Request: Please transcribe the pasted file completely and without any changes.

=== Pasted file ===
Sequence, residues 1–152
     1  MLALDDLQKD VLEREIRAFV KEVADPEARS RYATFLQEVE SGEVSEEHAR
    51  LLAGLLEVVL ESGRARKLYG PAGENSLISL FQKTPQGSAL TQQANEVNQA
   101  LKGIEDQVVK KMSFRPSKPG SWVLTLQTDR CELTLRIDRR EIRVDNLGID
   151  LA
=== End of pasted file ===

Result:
Sequence, residues 1–152
     1  MLALDDLQKD VLEREIRAFV KEVADPEARS RYATFLQEVE SGEVSEEHAR
    51  LLAGLLEVVL ESGRARKLYG PAGENSLISL FQKTPQGSAL TQQANEVNQA
   101  LKGIEDQVVK KMSFRPSKPG SWVLTLQTDR CELTLRIDRR EIRVDNLGID
   151  LA